Focus on AB testing, a method and technique to optimize the performance and return on investment of your digital marketing.
Are you looking for growth as far as the eye can see for your startup? Start already by monitoring your performance and seeing the points to be optimized.
For that, you will have to do A/B testing, work A/B test, eat A/B test, and even live A/B test!
But before going into pure optimization techniques, let's come back to the meaning of this Anglicism.
AB testing in digital marketing: the theoretical definition
A/B testing, also called "AB test" in French, is a method that compares the effectiveness of 2 media or digital content by testing a variant on the content or form.
This technique is mainly used to optimize the pages of a website.
Concretely, we test a "version A" of the support (which is the original version) against a "version B" (the version which implies a variant on the content or the form).
From a more technical point of view, the test phase is carried out with samples of similar audiences.
The test sample generally represents 5 to 20% of the recipient database, i.e. on a basis of 100 people, for example, 10 people test version A and 10 people test version B.
I obviously remind "that none of the guinea pigs is aware of the test" and that they, therefore, act as "normal" visitors: ie a visitor accesses a single and unique version of the support tested.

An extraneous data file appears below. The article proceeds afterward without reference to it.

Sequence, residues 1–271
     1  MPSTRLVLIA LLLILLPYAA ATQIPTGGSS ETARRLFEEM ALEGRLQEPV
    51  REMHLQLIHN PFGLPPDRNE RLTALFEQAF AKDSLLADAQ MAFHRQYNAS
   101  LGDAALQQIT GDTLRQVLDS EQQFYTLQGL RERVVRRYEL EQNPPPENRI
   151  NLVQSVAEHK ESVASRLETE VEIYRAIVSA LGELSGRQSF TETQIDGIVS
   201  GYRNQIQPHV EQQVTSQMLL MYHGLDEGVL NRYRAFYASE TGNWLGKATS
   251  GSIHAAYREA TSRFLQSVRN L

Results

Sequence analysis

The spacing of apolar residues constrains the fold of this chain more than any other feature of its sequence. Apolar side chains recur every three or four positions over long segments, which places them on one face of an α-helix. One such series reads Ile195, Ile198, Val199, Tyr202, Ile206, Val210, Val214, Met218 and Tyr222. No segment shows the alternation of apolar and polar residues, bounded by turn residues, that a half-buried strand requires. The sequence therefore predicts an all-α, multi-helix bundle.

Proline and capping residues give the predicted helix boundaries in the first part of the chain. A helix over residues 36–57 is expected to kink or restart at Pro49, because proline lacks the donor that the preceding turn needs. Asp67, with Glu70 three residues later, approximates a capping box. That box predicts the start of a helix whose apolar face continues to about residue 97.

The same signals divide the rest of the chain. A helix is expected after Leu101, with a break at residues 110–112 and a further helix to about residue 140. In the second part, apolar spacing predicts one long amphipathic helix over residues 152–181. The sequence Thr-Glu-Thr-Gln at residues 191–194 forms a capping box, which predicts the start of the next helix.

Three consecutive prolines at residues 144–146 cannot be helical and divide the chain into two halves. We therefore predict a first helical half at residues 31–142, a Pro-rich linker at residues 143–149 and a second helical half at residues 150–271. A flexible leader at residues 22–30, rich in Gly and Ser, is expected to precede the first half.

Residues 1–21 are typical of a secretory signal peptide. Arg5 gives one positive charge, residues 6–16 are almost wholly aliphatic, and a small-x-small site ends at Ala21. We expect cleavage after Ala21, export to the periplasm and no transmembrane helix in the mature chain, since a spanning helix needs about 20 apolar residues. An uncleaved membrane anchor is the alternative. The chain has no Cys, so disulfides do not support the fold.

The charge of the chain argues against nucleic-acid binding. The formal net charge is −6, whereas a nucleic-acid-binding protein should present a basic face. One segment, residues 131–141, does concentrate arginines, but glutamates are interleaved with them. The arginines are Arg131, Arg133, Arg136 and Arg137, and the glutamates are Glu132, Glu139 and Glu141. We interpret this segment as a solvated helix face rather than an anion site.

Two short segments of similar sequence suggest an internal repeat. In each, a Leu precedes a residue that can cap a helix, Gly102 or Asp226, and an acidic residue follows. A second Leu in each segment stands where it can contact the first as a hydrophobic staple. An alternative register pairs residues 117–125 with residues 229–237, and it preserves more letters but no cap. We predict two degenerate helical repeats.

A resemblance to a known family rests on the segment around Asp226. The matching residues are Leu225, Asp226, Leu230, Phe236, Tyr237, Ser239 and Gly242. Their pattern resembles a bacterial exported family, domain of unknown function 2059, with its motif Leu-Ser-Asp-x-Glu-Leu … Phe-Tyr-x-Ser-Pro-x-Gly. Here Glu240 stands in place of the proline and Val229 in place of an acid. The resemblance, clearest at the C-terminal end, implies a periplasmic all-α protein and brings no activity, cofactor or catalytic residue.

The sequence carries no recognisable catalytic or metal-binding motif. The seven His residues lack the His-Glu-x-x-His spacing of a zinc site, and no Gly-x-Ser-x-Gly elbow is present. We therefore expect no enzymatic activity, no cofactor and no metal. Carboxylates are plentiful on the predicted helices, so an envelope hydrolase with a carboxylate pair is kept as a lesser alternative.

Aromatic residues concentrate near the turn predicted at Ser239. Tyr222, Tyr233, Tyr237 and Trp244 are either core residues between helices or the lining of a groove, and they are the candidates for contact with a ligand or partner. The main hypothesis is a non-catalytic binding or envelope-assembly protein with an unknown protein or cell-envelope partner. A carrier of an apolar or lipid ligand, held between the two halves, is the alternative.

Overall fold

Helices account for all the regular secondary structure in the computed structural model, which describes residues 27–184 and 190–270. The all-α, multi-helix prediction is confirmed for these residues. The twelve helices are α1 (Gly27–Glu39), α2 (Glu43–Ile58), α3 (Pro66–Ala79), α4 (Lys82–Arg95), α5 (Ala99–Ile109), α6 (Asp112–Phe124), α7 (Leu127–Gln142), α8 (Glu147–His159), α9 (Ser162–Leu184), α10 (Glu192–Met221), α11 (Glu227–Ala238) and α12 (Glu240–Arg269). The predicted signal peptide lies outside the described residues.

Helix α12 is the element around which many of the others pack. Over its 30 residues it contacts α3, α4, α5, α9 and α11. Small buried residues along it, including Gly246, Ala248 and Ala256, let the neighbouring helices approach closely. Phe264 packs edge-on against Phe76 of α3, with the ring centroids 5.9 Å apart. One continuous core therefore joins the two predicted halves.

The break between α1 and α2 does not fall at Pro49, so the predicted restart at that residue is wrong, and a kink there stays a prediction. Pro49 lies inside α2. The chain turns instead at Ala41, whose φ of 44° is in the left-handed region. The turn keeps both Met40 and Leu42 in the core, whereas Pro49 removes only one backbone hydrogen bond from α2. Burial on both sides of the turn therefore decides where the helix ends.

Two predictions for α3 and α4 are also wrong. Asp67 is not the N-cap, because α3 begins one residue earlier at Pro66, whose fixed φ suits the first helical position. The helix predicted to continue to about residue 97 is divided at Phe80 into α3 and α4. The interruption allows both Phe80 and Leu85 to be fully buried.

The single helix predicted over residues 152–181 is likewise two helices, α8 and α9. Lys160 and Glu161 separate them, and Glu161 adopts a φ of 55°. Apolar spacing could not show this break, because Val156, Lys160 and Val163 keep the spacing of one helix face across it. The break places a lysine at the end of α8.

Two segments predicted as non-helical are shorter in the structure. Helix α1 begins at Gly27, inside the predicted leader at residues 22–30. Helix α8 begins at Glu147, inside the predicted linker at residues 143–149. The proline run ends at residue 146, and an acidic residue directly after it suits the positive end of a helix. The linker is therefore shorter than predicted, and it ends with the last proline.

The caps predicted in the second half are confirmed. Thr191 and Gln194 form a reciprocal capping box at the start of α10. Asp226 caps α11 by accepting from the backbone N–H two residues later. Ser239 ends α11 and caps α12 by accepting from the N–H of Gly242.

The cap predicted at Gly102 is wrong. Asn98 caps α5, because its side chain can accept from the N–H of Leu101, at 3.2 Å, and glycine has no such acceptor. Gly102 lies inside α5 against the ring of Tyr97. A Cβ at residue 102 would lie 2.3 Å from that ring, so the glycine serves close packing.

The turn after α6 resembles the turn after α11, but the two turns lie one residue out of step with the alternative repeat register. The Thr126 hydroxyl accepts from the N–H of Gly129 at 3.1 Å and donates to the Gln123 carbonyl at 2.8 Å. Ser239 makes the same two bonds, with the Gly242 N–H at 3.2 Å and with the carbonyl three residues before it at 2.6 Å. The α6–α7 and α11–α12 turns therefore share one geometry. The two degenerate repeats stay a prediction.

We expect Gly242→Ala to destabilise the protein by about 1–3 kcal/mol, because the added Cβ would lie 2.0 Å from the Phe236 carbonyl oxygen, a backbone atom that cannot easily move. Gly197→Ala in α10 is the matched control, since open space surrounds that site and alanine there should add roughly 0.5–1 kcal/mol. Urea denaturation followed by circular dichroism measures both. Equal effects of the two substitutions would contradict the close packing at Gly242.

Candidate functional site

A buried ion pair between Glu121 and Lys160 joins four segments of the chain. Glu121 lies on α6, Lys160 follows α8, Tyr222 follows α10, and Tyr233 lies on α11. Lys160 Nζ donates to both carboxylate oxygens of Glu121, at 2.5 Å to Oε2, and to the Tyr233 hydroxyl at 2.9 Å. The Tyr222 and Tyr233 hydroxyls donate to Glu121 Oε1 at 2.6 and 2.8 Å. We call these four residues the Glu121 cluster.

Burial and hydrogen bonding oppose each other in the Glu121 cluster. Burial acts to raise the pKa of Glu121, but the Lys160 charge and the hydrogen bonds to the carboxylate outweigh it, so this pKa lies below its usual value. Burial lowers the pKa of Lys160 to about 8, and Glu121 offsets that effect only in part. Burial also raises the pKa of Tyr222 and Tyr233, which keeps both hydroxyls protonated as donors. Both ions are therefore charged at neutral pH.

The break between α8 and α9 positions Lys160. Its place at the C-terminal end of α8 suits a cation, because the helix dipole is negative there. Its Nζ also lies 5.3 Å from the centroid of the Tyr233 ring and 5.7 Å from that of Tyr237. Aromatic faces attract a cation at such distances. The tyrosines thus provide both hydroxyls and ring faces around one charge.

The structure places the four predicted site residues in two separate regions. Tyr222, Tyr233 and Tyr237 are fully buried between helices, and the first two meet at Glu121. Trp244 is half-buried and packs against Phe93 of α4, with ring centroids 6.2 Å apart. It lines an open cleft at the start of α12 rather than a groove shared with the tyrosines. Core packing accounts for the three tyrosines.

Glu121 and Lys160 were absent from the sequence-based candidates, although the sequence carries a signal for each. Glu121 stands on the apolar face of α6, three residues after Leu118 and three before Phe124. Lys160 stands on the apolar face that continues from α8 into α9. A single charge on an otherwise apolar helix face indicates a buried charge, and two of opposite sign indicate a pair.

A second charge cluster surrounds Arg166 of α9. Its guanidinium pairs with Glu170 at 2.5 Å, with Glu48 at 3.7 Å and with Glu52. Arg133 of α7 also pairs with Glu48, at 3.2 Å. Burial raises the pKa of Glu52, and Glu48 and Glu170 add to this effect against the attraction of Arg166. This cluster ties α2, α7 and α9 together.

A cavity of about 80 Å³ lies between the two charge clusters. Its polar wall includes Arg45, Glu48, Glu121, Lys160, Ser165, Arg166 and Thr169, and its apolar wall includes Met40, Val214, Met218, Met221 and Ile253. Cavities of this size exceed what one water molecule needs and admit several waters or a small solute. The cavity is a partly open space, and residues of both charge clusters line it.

If page B obtains better results than page A (thus the original one), it is therefore declared as "winner" because it performs better.
This winning version is sent to the rest of the sample (between 80 and 95%) of recipients.
The AB Testing method is essentially based on the "Test & Learn" approach commonly used in the technology sector and more particularly among startups.
What digital media can we test?
So far, we have mainly illustrated the definition of AB Testing with the example of a test on a website page.
But we can use this method for almost all possible digital media.
Here are some examples of media that are commonly tested in digital marketing:
An email or newsletter
A landing page or a classic page (products/services)
A sponsored advertisement on Google Ads
A sponsored or "natural" post on social networks
However, this type of test can be extended to any digital medium provided it is equipped with a suitable statistical analysis tool.
What elements can be tested?
After the supports, let's now move on to the concrete elements that can be tested on support.
Let's take the example of a landing page where the idea is to test whether the variations made on it have an effect on its conversion performance, ie its ability to generate leads.
When designing the original landing page (version A) and its variant (version B), it is possible to vary the following elements:
its structure (columns, rows, position of blocks)
a button (color, text)
an image (position, size)
a text block (wording, position, uppercase, lowercase, color, link, etc.)